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Tutu

[too-too] /ˈtu tu/
noun
1.
Desmond (Mpilo)
[uh m-pee-loh] /əmˈpi loʊ/ (Show IPA),
born 1931, South African Anglican clergyman and civil-rights activist: Nobel Peace Prize 1984; archbishop of Cape Town since 1986.
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Based on the Random House Dictionary, © Random House, Inc. 2014.
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British Dictionary definitions for d m tutu

tutu1

/ˈtuːtuː/
noun
1.
a very short skirt worn by ballerinas, made of projecting layers of stiffened sheer material
Word Origin
from French, changed from the nursery word cucu backside, from cul, from Latin cūlus the buttocks

tutu2

/ˈtuːtuː/
noun
1.
a shrub, Coriaria arborea, of New Zealand, having seeds that are poisonous to farm animals
Word Origin
Māori

Tutu

/ˈtuːtuː/
noun
1.
Desmond. born 1931, South African clergyman, noted for his opposition to apartheid: Anglican Bishop of Johannesburg (1984–86) and Archbishop of Cape Town (1986–96); in 1995 he became leader of the Truth and Reconciliation Commission, established to investigate human rights violations during the apartheid era. Nobel peace prize 1984
Collins English Dictionary - Complete & Unabridged 2012 Digital Edition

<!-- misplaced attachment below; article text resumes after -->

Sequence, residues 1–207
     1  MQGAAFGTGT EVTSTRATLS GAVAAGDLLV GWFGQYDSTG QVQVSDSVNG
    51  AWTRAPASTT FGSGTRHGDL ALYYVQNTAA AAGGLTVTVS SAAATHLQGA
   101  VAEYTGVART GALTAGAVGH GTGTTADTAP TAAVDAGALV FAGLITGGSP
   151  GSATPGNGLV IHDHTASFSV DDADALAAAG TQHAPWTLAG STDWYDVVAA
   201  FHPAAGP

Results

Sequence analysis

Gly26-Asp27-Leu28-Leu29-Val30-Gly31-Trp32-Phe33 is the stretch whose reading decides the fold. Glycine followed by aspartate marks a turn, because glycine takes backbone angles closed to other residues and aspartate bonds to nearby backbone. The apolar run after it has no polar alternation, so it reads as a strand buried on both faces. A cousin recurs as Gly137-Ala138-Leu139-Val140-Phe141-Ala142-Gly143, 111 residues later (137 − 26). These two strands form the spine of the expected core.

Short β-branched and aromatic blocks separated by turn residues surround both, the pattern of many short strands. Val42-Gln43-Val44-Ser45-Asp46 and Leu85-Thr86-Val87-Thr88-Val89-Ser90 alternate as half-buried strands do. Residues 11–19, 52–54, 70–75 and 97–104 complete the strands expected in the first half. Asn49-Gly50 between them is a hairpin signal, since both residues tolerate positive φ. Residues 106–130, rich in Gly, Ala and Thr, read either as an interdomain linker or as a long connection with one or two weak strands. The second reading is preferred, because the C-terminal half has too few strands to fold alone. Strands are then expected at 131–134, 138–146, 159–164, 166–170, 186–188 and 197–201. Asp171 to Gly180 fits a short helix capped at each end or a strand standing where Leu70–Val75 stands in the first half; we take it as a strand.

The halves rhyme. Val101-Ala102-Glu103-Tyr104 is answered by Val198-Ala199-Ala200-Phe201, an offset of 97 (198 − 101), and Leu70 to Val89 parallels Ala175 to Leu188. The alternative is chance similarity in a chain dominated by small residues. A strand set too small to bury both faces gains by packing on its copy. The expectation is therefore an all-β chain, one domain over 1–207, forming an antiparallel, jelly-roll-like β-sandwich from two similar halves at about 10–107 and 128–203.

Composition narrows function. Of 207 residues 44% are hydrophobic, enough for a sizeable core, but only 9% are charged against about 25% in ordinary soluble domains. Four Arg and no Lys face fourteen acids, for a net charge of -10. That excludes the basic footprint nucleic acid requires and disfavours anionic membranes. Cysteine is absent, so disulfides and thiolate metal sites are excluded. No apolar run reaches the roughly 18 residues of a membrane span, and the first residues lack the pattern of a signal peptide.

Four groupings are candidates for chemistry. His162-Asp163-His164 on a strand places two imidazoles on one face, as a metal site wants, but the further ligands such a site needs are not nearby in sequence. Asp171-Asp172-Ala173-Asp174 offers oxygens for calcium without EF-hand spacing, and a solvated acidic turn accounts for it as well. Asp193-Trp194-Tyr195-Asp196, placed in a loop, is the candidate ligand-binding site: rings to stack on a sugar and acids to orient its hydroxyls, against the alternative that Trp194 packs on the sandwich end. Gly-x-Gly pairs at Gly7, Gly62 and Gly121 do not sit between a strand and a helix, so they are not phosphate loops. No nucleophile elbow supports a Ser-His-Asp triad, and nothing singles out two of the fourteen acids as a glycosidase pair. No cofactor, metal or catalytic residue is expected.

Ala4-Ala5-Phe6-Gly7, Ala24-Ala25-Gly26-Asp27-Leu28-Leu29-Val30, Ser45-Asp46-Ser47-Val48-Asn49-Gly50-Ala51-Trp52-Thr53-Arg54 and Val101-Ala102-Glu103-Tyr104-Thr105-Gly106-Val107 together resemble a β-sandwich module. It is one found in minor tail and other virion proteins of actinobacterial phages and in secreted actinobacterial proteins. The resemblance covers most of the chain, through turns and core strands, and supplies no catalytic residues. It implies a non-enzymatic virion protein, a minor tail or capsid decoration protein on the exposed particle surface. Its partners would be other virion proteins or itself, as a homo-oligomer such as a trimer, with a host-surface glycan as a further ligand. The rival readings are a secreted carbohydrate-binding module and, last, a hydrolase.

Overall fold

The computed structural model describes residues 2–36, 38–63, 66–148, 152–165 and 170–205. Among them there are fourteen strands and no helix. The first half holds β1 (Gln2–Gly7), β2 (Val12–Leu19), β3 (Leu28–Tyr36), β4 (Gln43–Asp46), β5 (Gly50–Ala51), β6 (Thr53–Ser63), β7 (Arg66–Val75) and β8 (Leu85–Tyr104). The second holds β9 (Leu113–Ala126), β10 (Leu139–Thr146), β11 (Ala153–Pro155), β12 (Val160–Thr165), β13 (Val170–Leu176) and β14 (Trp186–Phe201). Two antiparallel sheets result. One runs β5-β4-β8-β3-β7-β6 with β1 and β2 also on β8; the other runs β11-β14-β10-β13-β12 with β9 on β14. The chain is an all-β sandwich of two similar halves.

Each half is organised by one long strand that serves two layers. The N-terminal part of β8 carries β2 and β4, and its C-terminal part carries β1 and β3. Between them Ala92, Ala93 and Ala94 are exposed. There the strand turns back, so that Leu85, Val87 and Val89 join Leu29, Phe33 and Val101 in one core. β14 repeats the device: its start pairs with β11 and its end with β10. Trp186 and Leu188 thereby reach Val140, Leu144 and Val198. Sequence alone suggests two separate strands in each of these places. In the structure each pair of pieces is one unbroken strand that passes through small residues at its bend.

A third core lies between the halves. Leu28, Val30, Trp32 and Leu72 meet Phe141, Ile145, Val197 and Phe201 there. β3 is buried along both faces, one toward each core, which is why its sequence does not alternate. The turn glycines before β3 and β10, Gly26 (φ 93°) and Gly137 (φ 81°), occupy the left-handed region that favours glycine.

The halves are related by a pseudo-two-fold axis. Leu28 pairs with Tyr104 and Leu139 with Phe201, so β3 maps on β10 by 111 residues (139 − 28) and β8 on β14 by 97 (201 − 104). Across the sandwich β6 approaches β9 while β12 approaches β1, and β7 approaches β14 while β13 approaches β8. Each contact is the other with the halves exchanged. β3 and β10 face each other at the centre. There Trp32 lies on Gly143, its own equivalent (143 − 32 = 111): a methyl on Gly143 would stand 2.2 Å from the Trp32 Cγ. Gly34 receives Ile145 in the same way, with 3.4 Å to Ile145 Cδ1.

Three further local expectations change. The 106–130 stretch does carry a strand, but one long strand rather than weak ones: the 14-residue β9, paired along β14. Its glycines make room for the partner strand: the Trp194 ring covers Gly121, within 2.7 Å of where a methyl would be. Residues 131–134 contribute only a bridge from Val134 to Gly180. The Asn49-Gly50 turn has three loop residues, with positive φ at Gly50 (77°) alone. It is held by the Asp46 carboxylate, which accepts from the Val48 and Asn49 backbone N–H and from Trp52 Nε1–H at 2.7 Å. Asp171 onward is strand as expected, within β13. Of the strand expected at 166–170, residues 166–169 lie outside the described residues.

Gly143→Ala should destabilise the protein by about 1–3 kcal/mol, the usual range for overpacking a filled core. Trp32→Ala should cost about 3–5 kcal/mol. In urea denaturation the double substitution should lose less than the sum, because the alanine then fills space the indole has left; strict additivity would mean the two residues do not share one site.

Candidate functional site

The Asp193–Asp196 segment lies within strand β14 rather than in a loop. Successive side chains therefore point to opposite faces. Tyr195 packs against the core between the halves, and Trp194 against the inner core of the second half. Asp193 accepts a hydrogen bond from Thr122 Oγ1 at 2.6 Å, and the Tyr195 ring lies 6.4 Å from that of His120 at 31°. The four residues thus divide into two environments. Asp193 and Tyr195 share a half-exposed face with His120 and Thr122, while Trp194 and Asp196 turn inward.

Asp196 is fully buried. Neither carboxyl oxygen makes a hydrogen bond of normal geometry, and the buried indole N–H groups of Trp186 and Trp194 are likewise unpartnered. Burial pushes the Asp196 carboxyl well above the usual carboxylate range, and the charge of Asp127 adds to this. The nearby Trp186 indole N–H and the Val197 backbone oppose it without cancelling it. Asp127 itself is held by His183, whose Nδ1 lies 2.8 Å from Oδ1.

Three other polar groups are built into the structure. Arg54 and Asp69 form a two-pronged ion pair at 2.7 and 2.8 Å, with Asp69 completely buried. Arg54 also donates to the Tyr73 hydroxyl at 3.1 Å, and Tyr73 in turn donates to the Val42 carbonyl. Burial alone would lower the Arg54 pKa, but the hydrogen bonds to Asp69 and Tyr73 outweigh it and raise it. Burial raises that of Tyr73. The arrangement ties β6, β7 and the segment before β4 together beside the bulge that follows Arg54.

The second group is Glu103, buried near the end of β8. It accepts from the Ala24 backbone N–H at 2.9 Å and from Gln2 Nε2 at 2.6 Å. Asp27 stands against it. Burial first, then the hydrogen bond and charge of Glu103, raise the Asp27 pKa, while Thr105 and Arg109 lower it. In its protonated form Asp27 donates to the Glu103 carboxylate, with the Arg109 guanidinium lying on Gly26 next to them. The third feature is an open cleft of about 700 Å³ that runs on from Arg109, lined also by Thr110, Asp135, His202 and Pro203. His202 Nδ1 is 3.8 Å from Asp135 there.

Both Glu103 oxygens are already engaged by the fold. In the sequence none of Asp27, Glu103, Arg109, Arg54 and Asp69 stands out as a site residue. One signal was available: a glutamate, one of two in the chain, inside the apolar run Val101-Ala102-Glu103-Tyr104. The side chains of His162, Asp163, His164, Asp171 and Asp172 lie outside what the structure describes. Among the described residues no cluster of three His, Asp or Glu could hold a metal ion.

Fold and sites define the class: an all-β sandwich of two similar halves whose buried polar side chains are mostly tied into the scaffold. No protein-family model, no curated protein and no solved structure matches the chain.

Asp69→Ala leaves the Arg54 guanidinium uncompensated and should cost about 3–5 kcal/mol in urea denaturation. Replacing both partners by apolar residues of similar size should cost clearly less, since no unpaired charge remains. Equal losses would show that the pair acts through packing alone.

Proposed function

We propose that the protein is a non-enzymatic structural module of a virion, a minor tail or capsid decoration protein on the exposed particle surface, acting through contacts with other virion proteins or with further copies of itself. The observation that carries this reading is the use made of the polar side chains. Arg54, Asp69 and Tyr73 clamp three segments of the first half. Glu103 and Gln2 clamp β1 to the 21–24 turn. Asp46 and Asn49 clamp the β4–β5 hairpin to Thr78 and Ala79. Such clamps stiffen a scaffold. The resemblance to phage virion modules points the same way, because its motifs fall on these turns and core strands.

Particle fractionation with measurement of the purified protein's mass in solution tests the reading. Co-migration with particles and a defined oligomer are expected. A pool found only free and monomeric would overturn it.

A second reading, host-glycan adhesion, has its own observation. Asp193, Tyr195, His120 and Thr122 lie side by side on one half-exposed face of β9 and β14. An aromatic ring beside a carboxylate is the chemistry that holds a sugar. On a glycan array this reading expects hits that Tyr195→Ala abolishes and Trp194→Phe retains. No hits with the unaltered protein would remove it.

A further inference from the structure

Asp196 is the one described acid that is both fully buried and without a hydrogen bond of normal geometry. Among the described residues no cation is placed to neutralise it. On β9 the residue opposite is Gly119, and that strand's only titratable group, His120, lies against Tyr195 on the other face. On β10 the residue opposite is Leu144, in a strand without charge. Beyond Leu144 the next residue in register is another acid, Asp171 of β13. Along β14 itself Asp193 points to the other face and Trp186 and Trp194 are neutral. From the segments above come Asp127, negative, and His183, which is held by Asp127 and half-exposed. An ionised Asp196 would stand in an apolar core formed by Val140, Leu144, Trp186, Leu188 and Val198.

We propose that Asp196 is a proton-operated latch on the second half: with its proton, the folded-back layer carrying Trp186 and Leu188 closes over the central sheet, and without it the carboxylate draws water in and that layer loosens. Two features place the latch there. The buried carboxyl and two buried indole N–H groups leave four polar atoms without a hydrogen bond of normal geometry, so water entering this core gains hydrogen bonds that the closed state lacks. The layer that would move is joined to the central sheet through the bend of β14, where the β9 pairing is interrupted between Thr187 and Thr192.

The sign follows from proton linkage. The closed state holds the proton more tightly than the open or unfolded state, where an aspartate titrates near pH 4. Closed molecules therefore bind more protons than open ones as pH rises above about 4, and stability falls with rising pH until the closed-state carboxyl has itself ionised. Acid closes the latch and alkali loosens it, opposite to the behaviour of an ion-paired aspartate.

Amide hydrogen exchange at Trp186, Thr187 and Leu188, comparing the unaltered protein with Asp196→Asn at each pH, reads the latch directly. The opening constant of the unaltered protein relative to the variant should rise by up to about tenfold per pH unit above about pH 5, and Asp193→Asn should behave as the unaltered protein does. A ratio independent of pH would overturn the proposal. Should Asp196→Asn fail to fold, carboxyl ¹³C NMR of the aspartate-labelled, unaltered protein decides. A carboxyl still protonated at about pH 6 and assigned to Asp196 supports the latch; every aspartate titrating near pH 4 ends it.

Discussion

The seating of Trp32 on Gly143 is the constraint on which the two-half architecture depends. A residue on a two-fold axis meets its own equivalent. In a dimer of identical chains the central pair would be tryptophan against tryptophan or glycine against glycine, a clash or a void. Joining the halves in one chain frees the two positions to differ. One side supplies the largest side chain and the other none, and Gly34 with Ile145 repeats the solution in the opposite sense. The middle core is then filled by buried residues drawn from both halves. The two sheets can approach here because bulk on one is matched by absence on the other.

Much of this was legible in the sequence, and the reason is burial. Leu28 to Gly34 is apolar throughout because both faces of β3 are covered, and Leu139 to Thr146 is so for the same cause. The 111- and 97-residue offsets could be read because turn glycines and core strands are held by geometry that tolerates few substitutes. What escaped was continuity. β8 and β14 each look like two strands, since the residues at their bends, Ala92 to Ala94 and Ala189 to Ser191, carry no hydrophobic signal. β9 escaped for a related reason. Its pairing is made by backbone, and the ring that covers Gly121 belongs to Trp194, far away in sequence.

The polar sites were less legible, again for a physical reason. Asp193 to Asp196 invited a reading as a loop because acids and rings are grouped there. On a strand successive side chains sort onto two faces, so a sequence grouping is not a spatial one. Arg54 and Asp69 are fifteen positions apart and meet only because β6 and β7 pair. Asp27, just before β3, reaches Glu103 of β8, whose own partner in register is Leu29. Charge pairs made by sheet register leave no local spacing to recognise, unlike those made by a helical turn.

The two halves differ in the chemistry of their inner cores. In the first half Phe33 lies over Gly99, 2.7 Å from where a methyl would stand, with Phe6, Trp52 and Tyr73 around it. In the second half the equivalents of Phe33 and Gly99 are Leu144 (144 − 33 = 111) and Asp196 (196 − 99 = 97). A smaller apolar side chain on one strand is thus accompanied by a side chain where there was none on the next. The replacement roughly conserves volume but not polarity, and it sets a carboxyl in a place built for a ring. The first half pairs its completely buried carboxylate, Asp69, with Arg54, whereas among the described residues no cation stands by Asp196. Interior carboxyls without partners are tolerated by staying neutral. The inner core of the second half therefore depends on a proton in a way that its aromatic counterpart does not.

© William Collins Sons & Co. Ltd. 1979, 1986 © HarperCollins
Publishers 1998, 2000, 2003, 2005, 2006, 2007, 2009, 2012
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Word Origin and History for d m tutu

tutu

n.

ballet skirt, 1910, from French tutu, alteration of cucu, infantile reduplication of cul "bottom, backside."

Online Etymology Dictionary, © 2010 Douglas Harper
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Encyclopedia Article for d m tutu

tutu

standard skirt worn by female ballet dancers, consisting of four or five layers of silk or nylon frills; the skirt is attached to a sleek-fitting bodice. (Originally tutu designated a short, trouserlike petticoat worn under a dancer's costume.) The prototype of the Romantic tutu, extending to within about 12 inches (30 cm) of the floor, was introduced in the 1830s by Marie Taglioni. The tutu gradually was shortened until, by the 1880s, the whole leg was visible. Both the Romantic and the brief tutu are worn in contemporary ballet.

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Encyclopedia Britannica, 2008. Encyclopedia Britannica Online.
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